Covariates

Sex, race/ethnicity, parental employment status and socio-economic status (SES) were based on self-report on the baseline EAT survey. SES was based primarily on reports of parental educational level, defined by the higher level of either parent during the administration of the EAT-I survey, and has been described in detail elsewhere( Reference Neumark-Sztainer, Story and Hannan 23 ). In EAT-II, participants reported their current living situation (e.g. living in a college or university residence hall). Participants also reported age, employment status, relationship status and other demographic characteristics in EAT-III.

Analysis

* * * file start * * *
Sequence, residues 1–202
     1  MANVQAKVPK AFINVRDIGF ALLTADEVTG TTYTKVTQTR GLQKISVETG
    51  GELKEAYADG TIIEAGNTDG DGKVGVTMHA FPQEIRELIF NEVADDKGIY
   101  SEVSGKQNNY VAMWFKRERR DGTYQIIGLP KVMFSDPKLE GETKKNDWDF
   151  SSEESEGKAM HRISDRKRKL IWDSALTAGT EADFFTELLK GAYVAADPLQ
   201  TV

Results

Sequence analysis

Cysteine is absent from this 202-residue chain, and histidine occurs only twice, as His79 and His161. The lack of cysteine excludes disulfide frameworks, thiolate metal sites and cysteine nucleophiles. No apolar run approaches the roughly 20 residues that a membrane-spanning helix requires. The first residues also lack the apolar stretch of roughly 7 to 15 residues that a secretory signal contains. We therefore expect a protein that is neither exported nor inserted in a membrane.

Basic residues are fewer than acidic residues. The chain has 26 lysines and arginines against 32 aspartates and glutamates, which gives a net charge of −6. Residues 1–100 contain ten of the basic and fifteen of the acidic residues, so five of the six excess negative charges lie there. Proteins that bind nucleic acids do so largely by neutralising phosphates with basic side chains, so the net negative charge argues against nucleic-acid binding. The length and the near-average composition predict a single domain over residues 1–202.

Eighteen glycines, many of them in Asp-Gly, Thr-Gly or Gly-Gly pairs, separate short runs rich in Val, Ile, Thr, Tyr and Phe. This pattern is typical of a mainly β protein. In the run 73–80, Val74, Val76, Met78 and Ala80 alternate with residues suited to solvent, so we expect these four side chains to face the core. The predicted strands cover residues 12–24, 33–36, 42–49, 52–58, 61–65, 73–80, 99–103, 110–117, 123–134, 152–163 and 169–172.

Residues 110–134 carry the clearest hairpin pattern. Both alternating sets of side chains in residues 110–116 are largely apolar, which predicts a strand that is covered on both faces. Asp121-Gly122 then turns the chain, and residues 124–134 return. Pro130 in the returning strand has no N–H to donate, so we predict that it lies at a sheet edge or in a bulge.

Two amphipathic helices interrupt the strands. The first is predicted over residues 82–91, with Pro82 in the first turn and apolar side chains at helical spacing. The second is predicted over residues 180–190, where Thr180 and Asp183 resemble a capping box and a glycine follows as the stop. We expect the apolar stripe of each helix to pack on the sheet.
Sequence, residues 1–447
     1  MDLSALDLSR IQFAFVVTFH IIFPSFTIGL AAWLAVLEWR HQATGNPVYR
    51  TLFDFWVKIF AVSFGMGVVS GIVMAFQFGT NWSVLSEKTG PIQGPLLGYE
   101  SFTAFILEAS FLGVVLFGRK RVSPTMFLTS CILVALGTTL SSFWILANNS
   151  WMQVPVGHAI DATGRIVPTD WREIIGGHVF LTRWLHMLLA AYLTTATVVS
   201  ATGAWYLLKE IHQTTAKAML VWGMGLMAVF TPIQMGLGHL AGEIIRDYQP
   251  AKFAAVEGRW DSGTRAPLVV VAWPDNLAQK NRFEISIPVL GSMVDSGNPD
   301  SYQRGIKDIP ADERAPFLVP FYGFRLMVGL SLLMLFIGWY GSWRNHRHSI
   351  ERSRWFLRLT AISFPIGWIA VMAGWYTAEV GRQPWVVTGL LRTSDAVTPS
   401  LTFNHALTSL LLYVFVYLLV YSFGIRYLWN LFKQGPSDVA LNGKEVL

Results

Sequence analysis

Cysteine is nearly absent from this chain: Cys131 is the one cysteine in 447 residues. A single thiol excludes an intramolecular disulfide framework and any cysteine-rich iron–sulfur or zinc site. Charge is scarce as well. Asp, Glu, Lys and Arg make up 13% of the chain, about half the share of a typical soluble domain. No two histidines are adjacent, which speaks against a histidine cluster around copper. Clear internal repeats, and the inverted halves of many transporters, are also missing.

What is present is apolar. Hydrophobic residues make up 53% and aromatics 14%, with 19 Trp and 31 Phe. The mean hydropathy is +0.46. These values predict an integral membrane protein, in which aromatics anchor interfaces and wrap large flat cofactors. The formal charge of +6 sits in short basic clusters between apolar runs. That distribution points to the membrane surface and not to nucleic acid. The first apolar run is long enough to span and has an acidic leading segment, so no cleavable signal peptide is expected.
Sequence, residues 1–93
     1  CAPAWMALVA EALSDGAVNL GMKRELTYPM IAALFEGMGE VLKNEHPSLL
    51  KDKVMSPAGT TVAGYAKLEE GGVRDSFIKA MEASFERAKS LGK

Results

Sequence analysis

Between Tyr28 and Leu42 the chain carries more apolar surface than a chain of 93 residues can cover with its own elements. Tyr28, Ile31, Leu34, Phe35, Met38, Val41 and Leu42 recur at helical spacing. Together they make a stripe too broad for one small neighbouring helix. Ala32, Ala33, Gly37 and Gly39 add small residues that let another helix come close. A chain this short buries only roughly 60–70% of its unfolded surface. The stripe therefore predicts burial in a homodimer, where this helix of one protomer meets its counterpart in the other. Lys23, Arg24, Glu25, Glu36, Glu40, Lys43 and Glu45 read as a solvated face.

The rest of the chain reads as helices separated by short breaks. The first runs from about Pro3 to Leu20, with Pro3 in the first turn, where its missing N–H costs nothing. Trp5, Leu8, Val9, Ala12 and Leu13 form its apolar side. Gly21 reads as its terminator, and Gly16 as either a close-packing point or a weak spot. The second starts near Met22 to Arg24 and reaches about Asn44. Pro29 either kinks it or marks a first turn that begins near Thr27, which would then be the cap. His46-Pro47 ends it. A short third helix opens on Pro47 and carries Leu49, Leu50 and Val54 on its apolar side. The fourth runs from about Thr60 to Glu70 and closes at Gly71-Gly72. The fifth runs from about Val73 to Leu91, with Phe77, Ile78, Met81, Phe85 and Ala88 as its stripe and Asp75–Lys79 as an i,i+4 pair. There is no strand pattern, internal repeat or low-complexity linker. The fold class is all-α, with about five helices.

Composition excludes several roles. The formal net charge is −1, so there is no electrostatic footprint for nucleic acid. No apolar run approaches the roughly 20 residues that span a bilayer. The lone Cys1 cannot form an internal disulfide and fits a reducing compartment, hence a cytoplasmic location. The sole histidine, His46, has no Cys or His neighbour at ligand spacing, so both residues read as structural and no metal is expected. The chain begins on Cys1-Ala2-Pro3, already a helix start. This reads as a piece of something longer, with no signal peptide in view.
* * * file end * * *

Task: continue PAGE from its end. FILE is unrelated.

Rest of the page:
Descriptive statistics were calculated to examine enjoyment of cooking and involvement in food preparation among young adult men and women at EAT-III as well as relationships between food preparation practices in adolescence (EAT-I) and emerging adulthood (EAT-II). Gender-stratified linear regression models were used to explore whether food preparation practices during adolescence and emerging adulthood were related to food preparation during the mid-to-late twenties (EAT-III). Finally, gender-stratified linear regression models were used to examine 5-year and 10-year longitudinal associations between food preparation practices and outcomes of interest (i.e. dietary intake, meal frequencies) while controlling for baseline dietary behaviours. All regression models included young adult age, race/ethnicity and SES. Models relating to emerging adult food preparation were additionally adjusted for living situations (i.e. living in a residence hall at EAT-II). Models related to adolescent food preparation adjusted for parental employment. Dietary intake outcomes were also adjusted for total energy consumption using the regression approach. All variables examined in regression models were standardized to allow for relative comparisons of strength between the observed associations. When the outcome variable of interest exhibited positive skewness, testing was carried out using the square root transformation. A 95 % confidence level was used to interpret the statistical significance of probability tests, corresponding to a P value of <0·05.